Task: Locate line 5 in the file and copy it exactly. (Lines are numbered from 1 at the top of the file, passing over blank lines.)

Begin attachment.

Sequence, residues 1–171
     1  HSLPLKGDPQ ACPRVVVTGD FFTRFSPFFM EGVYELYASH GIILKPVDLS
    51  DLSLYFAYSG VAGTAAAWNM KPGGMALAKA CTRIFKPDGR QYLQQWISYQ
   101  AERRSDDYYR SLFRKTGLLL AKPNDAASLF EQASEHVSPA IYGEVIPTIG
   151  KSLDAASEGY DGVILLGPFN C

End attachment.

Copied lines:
   151  KSLDAASEGY DGVILLGPFN C